Raw Spirit: The search for Scotch

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Raw Spirit by Iain Banks

In Raw Spirit (2003), Iain Banks (Iain M. Banks to science fiction readers) and his friends journey in search of the perfect dram.

It would not be wise to approach this book for an overview of Scotch, how it’s made, and how to drink it. One part stunt memoir, one part travelogue, and one part wide ranging digressions, Raw Spirit is really held together by Banks’ love of Scotch and of hanging around with his buddies. In essence, this means that they tour around Scotland in fast cars, they travel to midge-infested islands to look at distilleries, and, generally speaking, eat until they’re stuffed and drink until they’re loaded. There’s a section of recommended books for further reading, the table of contents is quite... Read More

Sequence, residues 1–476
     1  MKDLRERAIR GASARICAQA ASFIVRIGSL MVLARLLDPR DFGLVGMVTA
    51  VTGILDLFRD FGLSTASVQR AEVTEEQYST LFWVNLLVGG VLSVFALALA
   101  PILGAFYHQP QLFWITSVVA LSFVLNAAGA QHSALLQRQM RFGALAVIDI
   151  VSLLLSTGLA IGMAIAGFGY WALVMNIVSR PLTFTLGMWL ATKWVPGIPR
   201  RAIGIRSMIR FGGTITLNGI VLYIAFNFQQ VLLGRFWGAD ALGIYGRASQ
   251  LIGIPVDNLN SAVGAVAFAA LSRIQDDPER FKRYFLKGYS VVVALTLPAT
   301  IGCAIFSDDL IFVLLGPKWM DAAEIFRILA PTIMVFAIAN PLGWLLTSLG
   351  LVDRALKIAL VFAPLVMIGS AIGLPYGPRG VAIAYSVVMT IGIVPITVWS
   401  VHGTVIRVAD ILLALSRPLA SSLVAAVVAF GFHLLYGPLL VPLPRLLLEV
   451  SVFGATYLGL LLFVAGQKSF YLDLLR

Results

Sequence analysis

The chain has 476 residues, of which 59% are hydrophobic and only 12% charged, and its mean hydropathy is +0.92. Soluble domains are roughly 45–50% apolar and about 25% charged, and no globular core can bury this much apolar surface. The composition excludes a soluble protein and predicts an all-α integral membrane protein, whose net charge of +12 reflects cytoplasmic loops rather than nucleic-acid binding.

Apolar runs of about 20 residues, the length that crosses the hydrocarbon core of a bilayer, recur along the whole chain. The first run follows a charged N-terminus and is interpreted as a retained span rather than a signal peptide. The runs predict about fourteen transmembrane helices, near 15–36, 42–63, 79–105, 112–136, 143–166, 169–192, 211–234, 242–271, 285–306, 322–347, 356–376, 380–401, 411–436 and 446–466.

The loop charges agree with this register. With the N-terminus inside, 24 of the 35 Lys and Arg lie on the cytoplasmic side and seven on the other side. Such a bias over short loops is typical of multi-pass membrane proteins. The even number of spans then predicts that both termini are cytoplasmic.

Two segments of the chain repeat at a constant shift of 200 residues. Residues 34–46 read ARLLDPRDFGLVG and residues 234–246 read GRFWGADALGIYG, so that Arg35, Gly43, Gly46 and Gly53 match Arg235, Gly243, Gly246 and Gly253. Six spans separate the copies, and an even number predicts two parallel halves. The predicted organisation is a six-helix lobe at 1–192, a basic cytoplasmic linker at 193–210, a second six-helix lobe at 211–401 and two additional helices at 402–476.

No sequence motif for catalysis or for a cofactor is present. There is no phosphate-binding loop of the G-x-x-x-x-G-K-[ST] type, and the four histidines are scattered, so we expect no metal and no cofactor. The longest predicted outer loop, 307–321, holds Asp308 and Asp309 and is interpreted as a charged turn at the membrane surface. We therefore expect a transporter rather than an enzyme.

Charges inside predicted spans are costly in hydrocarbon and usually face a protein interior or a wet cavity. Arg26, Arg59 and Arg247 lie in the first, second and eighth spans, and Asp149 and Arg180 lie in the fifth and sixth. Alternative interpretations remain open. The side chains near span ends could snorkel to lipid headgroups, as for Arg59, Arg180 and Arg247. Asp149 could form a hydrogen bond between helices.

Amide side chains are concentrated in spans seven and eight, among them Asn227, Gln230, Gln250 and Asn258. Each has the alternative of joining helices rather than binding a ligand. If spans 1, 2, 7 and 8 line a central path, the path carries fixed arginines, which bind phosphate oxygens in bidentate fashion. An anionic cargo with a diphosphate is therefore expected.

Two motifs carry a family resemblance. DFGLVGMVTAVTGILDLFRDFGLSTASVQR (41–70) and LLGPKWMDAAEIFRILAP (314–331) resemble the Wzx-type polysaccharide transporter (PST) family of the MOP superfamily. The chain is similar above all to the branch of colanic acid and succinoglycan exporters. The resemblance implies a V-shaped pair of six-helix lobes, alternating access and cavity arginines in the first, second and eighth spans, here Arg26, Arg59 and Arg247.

The Telescope in the Ice: Engineers, physicists, and bureaucrats, oh my

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The Telescope in the Ice: Inventing a New Astronomy at the South Pole by Mark Bowen

The Telescope in the Ice
(2017) by Mark Bowen doesn’t quite delve as much into the science as I was hoping, but it is still a solidly informative and highly engaging work that tells the story of how the Icecube Neutrino Observatory (set at the South Pole) was conceived and built and how it was immediately successful. The strong personalities (often outlandish ones) make for interesting reading, but it’s the incredibly difficult conditions and engineering problems that create a compelling story.

Unfortunately, my usually trustworthy Kindle lost all my notes, so I’m working solely from memory here and won’t be quoting any passages. The Telescope in the Ice opens with an introduction into basic particle physics with an appropriate fo... Read More